Edogawa Rampo is the Grandfather of Japanese Mystery Literature
Hirai Taro, the real name of famed author Edogawa Rampo, was born October 21, 1894. Rampo took inspiration from Western mystery writers such as Dolye and Poe (among others). In fact, his nom de plume is dedicated to Edgar Allan Poe as it is a direct verbal translation of Poe’s name. Existing in a time between critically acclaimed Agatha Christie and Edgar Wallace, Edogawa Rampo was instrumental in shaping the modern day mystery genre in Japan.
Like many authors, Edogawa Rampo did not take up writing as an occupation at first. Upon his graduation from Waseda University in 1916 with a major in economics, Rampo would spend the next six years bouncing between a myriad of jobs ranging from accountant to soba peddler. It was not until 1923 that Rampo would begin his writing career and change the face of Japanese literature.
At this time there was only one publisher of mystery stories, Shin Seinen, a magazine that featured only translations of famous Western works. Rampo, having been an avid reader of mystery literature and now jobless, decided to send in his first short story, “The Two-Sen Copper Coin” to the publication. To Rampo’s surprise, not only did they publish the story, but he was also invited to continue writing more stories for the publication.
This would be the beginning of Rampo’s rapidly growing reputation as the first weaver of modern mystery yarns and a hallmark in Japanese history. From here, Rampo’s thirty-one year career culminated in twenty full-length books, fifty-three short stories/novelettes, ten full-length books for children, and six volumes of essays all devoted to mystery stories (Japanese Tales of Mystery & Imagination Preface).
At this point, you may be wondering what any of this has to do with the anime Rampo Kitan: Game of Laplace. I assure you, it has everything to do with said anime. You see, Rampo Kitan was created to commemorate the 50th anniversary of Edogawa Rampo’s death in 1965. Loosely adapting some of the various stories written by Rampo, such as “The Human Chair,” Rampo Kitan featured several interesting tales set in a modern day Japan. While it’s true that you don’t have to have read any of Edogawa Rampo’s work to watch the anime, it certainly doesn’t hurt.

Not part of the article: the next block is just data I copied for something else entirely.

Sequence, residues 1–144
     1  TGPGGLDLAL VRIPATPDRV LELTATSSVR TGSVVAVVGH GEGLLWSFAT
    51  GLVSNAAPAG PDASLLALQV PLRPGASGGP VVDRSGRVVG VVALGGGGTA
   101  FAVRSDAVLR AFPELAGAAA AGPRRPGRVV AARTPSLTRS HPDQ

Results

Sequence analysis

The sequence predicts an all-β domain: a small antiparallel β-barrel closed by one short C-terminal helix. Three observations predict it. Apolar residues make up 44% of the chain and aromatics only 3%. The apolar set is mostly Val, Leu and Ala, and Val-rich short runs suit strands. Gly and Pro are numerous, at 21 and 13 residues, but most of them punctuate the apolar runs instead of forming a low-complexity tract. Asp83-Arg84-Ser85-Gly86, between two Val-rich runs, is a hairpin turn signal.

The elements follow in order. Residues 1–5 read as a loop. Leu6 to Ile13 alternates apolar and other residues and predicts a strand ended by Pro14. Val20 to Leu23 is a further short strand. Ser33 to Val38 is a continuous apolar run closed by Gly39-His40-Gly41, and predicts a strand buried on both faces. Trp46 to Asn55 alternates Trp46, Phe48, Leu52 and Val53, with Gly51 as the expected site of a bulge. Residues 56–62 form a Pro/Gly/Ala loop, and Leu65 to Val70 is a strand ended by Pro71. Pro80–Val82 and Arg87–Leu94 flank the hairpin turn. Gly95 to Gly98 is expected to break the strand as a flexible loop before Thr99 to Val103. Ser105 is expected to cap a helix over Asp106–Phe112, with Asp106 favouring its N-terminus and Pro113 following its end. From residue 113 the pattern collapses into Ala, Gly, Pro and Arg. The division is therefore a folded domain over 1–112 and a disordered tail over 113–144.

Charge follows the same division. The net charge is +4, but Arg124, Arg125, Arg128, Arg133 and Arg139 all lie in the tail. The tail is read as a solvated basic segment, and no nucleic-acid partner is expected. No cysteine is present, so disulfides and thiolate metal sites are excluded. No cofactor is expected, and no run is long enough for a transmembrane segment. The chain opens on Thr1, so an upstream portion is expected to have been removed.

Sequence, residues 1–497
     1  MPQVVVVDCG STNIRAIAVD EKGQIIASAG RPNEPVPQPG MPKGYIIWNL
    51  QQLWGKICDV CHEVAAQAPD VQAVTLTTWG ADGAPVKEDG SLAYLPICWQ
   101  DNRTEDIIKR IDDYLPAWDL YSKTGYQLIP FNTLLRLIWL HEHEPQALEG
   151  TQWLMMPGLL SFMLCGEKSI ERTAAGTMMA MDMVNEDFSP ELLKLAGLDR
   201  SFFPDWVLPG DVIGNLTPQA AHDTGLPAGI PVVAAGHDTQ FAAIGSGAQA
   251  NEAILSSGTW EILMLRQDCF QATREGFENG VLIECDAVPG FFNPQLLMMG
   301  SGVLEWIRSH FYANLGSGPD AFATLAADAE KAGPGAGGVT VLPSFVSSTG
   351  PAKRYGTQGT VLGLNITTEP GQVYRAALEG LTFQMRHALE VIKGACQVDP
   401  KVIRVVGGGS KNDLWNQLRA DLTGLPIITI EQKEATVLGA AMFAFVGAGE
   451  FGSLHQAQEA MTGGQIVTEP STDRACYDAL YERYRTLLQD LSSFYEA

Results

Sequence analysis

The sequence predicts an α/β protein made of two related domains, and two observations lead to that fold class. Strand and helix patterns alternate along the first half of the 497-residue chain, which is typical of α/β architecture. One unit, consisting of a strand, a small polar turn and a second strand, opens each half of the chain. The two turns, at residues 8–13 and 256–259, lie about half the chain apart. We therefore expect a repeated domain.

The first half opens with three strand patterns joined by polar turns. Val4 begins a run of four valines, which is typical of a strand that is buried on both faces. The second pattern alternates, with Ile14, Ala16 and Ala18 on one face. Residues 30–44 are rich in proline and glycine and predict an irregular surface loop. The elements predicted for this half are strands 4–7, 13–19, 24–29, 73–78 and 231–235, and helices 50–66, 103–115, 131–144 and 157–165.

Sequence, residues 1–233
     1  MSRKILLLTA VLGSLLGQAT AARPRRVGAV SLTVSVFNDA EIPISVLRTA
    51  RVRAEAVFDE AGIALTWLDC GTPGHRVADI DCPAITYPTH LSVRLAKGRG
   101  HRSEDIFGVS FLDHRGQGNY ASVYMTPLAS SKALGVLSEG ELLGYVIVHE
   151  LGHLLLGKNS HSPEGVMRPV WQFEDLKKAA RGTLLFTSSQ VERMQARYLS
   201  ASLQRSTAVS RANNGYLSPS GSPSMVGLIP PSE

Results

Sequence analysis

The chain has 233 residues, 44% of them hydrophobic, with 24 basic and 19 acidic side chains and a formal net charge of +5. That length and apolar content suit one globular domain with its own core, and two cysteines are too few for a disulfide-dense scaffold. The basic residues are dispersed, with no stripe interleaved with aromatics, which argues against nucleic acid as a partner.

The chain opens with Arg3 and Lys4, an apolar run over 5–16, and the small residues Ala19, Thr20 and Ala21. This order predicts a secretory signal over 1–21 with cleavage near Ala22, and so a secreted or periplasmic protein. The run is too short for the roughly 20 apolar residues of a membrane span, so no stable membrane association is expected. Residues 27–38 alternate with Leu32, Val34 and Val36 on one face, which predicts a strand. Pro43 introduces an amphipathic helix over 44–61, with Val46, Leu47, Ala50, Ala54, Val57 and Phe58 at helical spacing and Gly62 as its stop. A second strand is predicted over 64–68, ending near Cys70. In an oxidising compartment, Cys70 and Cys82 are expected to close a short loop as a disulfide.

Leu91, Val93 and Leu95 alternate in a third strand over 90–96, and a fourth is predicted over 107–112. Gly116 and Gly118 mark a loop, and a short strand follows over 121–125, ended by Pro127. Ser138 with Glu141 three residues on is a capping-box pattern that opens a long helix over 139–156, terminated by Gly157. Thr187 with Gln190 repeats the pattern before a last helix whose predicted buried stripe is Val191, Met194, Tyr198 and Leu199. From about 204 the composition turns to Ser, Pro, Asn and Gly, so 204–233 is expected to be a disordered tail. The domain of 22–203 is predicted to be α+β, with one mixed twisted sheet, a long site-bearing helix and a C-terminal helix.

How I discovered, and then subsequently decided to watch this show, is an interesting story. At some point in time, I was watching an anime on Blu-ray from Funimation and had seen the following trailer.
It’s not hard to see why this grabbed my attention. Visually, the show has a striking aesthetic and there is enough intrigue built up in this trailer that I wanted to know more. To me, this looked like it was going to be about a girl who murdered people to relieve herself of boredom and a clever detective would have to stop her. I was pretty wrong with my initial opinion, but still, it was enough for me to gain interest.
After some initial looking into the show and not really having a good vehicle to watch it without buying it (with middling reviews, that wasn’t going to happen without at least a sample), I decided to put it on the backburner where I promptly forgot it existed. About a year later, now having access to Funimation’s dubs for streaming via VRV, I inexplicably remembered this show. At this time, my friend and I were looking for something “quality” to watch and I had remembered that Rampo Kitan would likely fit the bill.
We started it up and I must say that I was not disappointed. Rampo Kitan was a flawed, but entertaining show. Upon completion, I became quite interested in consuming some of the referential work from the author that the stories were based off of. Thus, here we are.
Prior to getting into the actual experience of reading Rampo’s work, it is imperative that I actually discuss the show itself in some detail. Referring back to my flawed assumptions as to what this show would be about upon seeing the trailer, the show actually isn’t really about any of that. For those unfamiliar with the series, let me give you a general synopsis and setup for the anime.